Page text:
When the musical "Godspell" by John-Michael Tebelak and Stephen Schwartz first appeared off-Broadway in 1971 it was a huge success. The re-invention of the gospel story of the Christ as told by ordinary young people made everything fresh and relevant. It has had countless revivals ever since, but this Taproot production, directed by the amazing Karen Lund, is not a revival. It is a pure and joyous re-invention. By setting the story at Pike Place Market and populating the cast with exactly the sort of young people you would expect to find there it reinforces that the gospel is intended for an audience of ordinary people in search of a divinity they could not imagine before the story begins. This talented and balanced cast brings enormous enthusiasm to their personalized re-telling of the gospel of Jesus, and each of them is filled with a divine light and blessing that is not of this world, but rather a gift to this world.
I was especially impressed with Mike Spee as Jesus. Rather than making him a superhuman, transcendent being who was the embodiment of God on earth, he played Jesus as a familiar, modest and loving human being, a regular guy, who was not the human face of divinity, but simply the carrier of the great message of divinity, that we may each be blessed with salvation if we truly believe. Ryan Childers was equally effective as John the Baptist, serving as a natural leader but not any more special than any of the others. And what a terrific cast of "others".
Both the wonderfully talented Sara Porkalob and the lovably funny Asha Stichter carried a good bit of the everyday comedy, but Katherine Jett, Jessi Little and Bethanie Russell were equally important in telling the story. That was critical to the success of this production because it only worked because everyone on stage delivered that story in their own, personal way. Tyler Todd Kimmel, Simon Pringle and Daniel Stoltenberg played a variety of characters with great clarity and plenty of familiarity. Everyone on stage felt like someone we know, and that was critical to making the story both theirs, and ours.
I don't want to go too much into the enormous invention that was brought to this particular production, except to say that every choice made the entire story feel fresh, contemporary and relevant. A good deal of the joy that any audience will feel from watching this show is the freshness and discovery of this new telling. Although the script sticks pretty closely to the gospel, having it performed by the cast of the Muppet show makes it feel about as immediate as kicking back on your couch. The same is true for all the parables, the enactment of the crucifixion and resurrection, and all the other story points in this world-changing narrative of a life like no other, and a gift to humanity like no other. Most surprising, there is very little that feels preachy in this story, at the same time that we are constantly aware that these events have changed the lives of everyone on stage in front of us, and could do the same for us, as well.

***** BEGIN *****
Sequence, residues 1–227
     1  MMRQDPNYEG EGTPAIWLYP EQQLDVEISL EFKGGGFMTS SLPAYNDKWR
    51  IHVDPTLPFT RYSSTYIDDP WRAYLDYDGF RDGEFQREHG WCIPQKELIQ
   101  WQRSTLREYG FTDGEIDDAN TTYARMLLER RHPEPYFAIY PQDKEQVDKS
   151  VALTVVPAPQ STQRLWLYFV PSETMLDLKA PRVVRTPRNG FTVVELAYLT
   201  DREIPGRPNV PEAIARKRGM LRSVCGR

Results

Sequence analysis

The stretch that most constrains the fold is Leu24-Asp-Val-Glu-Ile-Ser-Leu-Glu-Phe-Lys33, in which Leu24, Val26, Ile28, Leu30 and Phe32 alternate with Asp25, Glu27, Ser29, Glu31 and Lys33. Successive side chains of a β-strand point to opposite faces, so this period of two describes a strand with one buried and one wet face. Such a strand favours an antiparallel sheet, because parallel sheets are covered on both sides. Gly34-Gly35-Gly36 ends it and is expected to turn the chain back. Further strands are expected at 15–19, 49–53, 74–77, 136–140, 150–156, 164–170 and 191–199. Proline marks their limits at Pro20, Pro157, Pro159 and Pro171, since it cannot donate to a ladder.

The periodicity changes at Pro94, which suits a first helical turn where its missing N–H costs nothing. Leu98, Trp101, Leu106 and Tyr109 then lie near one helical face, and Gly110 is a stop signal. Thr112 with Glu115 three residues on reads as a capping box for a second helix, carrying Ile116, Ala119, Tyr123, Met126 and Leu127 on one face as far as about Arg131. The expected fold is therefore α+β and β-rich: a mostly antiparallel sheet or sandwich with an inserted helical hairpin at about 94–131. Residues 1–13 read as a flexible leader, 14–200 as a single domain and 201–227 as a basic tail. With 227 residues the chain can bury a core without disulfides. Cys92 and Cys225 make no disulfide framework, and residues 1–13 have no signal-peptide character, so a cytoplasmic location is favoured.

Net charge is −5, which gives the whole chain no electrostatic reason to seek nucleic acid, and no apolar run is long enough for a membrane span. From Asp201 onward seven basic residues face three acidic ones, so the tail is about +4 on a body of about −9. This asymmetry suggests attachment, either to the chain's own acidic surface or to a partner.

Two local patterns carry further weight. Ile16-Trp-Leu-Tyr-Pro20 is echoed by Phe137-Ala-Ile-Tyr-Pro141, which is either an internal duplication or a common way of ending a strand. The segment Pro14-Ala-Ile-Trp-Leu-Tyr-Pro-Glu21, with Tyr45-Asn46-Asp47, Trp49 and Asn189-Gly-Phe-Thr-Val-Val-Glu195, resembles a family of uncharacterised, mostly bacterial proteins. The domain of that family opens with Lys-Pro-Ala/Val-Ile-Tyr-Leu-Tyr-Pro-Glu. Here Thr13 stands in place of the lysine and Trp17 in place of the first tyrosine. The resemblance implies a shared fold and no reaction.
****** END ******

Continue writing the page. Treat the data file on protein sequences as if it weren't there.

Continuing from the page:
Edd Key's excellent musical direction uses all of these talented voices to great advantage and manages to make every song feel spontaneous, heartfelt and genuine. The physical production, with a brilliant set by Mark Lund, appropriate costumes by Nanette Acosta and fine Lighting by Andrew Duff was always in the service of the actors. This is a story about human beings past and present, and that reality is at the center of what makes this whole show work.
I walked out of this show almost literally bounding up and down. That's quite a surprise for a show I've seen many, many times and thought I knew exactly what to expect. I was so, so wrong. If you've never seen "Godspell" let this be your first encounter and if, like me, you've seen it many times before let this be an exhilarating new discovery. The audience was on its feet at the end of this show, and I felt like I was the first one to stand up. This is not a successful revival of a familiar and well-loved show. It is a brand new experience of a bold new telling of a story we may all know, but that we have never heard quite like this before.
PICTURED ABOVE: Tyler Todd Kimmel, Bethanie Russell, Jessi Little, Mike Spee, Ryan Childers, Daniel Stoltenberg, Michael James Adams, Simon Pringle, Katherine Jett and Asha Stichter in Godspell at Taproot Theatre.
PHOTO BY: Erik Stuhuag.